Endurance Main Battle Tank
|Endurance Main Battle Tank|
Endurance MBT of A Squadron, 24th Mounted Volunteers
|Place of origin||Arthurista|
|Used by|| Commonwealth Army,|
|Number built||4,000 units|
|Length||10.6m (gun forward)|
|Armor||Cast steel and rolled homogeneous steel, applique composite armour (Mark 2 and 3 only), explosive reactive armour (Mark 3 only)|
|120mm L/52 rifled cannon|
|L6V co-ax, M2 Browning, pintle mount for machine gun|
|Engine|| Arthuristan Motors AVE-2 V-12 turbodiesel (Mark 1)|
Arthuristan Motors AVE-A3 V-12 turbodiesel (Mark 2)
|550km on road|
|Speed||55 kph on road|
The Endurance Main Battle Tank is an Arthuristan main battle tank. It was conceived as a successor to the Cavalier. The Endurance entered service in 1966, and was in turn gradually replaced by the Boudicca Main Battle Tank in the 1980s-90s in active service. Considerable numbers are retained in the Commonwealth Army's mobilisation reserve stock.
History and design
It was designed with the armoured warfare doctrine of the Commonwealth Army of the 60s in mind - to stop an enemy advance at a pre-determined line, then push them back in a measured counterattack. The design thus called for a powerful main gun, able to disable contemporary armoured threats at very long range, as well as high levels of armour protection, up to 400mm RHA-equivalency taking into account the sloped shaping of the vehicle's frontal arc. It also incorporated what was for the era an advanced fire control system based on an optical range-finder, which replaced the 12.7mm ranging gun of the Cavalier. By contrast, mobility received little attention. As a result, the Endurance became known as "the tortoise" in Arthuristan service, heavy, expensive, slow and sometimes mechanically unreliable, but beloved for its firepower and survivability, a reasonably good match against the Type-65 and Type-73 favoured by rival armies of the period. Due to its cost, it only fully replaced its predecessor, the lighter Cavalier, just before the Boudicca was about to entered service in the early-80s.
The Mark 2 was introduced in 1976. It featured the first Arthuristan composite armour design: "Rowan" applique plates which were attached to the surface of the turret and the glacis, consisting of a laminate of rubber and triple-hardened steel. With it, the Endurance's resistance against HEAT rounds was approximately equivalent of 600mm of RHA, or 450mm against KE munitions. The tank received a new fire-control system with a laser rangefinder, replacing the mechanical optical range-finder, allowing for a faster engagement cycle against distant targets. It was also tri-axially stabilised to allow for accurate firing on the move and linked to an early fire control computer system.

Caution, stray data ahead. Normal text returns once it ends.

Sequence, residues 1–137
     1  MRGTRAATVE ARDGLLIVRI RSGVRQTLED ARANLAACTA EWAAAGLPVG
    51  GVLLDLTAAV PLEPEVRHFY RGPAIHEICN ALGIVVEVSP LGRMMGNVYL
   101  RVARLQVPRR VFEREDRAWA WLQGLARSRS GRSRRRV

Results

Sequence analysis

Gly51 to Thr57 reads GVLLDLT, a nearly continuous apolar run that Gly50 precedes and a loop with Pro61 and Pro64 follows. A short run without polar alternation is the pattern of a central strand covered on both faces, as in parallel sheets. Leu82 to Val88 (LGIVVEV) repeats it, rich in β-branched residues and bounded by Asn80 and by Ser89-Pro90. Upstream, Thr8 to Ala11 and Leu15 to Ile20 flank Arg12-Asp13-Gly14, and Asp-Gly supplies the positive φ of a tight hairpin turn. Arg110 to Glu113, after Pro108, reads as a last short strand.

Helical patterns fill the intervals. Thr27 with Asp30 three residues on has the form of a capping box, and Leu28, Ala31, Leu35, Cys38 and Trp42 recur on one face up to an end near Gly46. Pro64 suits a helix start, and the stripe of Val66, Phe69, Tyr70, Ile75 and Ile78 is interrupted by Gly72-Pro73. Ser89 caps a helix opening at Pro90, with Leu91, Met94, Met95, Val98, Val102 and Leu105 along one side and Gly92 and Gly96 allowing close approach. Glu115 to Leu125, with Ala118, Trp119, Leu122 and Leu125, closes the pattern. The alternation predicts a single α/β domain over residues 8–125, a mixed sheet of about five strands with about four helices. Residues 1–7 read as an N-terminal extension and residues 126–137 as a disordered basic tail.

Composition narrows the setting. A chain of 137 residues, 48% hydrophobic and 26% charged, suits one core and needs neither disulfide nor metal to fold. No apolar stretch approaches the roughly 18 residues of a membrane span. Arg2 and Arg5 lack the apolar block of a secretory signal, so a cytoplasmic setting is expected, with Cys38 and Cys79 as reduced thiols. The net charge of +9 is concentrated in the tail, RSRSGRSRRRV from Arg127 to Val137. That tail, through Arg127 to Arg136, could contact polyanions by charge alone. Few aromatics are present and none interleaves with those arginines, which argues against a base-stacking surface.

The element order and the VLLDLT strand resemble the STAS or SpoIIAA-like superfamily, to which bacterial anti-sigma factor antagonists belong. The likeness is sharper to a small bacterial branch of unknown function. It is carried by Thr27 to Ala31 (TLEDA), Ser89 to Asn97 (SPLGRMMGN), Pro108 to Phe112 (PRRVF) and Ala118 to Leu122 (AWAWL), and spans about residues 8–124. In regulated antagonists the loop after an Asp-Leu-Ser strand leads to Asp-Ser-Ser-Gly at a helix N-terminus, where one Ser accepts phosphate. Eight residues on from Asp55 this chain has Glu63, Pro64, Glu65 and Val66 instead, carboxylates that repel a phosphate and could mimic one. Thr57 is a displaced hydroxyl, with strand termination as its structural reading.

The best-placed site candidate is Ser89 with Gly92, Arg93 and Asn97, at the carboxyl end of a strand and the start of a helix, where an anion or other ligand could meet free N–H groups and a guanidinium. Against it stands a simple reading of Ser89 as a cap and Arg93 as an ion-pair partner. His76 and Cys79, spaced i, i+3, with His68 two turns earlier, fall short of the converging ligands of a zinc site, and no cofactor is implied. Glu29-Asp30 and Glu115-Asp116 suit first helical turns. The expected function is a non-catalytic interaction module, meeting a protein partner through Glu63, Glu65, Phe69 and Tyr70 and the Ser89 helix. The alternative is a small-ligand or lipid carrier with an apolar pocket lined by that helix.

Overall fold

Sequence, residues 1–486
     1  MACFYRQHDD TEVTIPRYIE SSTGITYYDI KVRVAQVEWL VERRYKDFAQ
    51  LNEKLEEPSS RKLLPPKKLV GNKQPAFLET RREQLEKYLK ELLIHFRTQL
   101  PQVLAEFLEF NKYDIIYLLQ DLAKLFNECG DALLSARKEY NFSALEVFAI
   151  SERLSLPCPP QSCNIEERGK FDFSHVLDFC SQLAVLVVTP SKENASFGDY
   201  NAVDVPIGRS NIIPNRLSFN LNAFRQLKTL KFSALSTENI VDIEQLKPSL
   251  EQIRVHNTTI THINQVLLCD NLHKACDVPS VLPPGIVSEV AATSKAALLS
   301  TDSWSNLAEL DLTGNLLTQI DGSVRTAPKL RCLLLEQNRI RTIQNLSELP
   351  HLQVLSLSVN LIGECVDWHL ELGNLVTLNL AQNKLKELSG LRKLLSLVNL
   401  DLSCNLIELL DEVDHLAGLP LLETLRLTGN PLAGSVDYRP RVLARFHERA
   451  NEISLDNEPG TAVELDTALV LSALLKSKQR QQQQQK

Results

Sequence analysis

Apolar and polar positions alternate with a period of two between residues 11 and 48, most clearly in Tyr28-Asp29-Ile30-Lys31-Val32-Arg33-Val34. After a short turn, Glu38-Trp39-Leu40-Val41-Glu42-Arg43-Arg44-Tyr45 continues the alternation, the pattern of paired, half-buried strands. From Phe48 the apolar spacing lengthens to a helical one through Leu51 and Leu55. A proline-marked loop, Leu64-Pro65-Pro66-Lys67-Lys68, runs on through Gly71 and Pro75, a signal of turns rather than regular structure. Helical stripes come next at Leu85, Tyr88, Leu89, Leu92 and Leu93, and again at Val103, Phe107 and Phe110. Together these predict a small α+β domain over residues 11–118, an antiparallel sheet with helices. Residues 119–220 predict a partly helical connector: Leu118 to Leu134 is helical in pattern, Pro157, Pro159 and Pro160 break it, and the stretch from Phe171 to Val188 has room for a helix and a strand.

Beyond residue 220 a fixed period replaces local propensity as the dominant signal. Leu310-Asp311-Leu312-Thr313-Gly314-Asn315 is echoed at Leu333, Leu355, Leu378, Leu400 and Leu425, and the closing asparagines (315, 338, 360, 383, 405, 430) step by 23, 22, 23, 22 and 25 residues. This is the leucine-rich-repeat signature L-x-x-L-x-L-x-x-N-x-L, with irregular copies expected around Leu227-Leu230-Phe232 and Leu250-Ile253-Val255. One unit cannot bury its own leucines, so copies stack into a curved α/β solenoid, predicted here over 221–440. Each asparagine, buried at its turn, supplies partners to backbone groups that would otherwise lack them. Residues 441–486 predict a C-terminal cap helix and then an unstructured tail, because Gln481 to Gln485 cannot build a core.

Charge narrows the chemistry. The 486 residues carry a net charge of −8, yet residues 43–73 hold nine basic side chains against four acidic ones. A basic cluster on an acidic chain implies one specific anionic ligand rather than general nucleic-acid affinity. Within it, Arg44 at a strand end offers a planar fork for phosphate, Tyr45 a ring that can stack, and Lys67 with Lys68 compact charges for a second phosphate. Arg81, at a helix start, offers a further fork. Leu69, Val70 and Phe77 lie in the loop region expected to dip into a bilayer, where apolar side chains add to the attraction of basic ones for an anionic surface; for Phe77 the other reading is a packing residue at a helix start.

The Mark 3 upgrade of 1984 incorporated many advanced features developed for the Boudicca project. The most important improvement was the fire control system. The gunner and commander received passive thermal sights, which replaced the earlier IR-illuminator. All of them these sensor modules tie into the vehicle's new Pythagoras Digital Ballistics Computer, which could take into account data such as range, movement speed, barrel wear, wind speed and other trajectory-affecting factors to maximise first-shot accuracy. Protection was enhanced with Rowan 2 applique modules on the turret front and glacis, comprised of a laminate of rubber, triple-hardened steel and titanium, as well as explosive-reactive armour bricks. Unlike the ERA of most main battle tanks, these blocks are installed virtually without gaps between them, allowing them to provide up to 30% more resistance towards KE munitions and 70% versus HEAT.
The Mark 4 upgrade was initiated in the early-90s for tanks in the Commonwealth Army's reserve stock. In addition to the improvements contained in the Mark 3 package, the tank's main gun was also re-breeched so it would accept one-piece ammunition designed for the Boudicca's L42A2 main gun, including the ASTAM (Arthuristan Smart Top-Attack Munition), a gun-launched precision-guided round.
The Endurance is the most numerous MBT in service with the Madrastan Army. Madrastan imported its first batch of Endurance tanks in the late-60s and procured a domestic production license in the early-70s and as of the mid-2010s most have been upgraded to the Mk 3 standard. The most modern of Madrastan's main battle tanks, the Kaurava, combines the Endurance's hull and main gun with a new up-armoured turret and a more powerful and mechanically reliable powerpack.
Keralam received 360 second hand Arthuristan Endurance MBTs, as well as engineering, bridge-laying and recovery vehicle variants as a replacement for their obsolete Cavaliers in the late-90s as part of an Arthuristan defence assistance program. These tanks were upgraded to the Mark 3 standard and received new turbodiesel engines before delivery.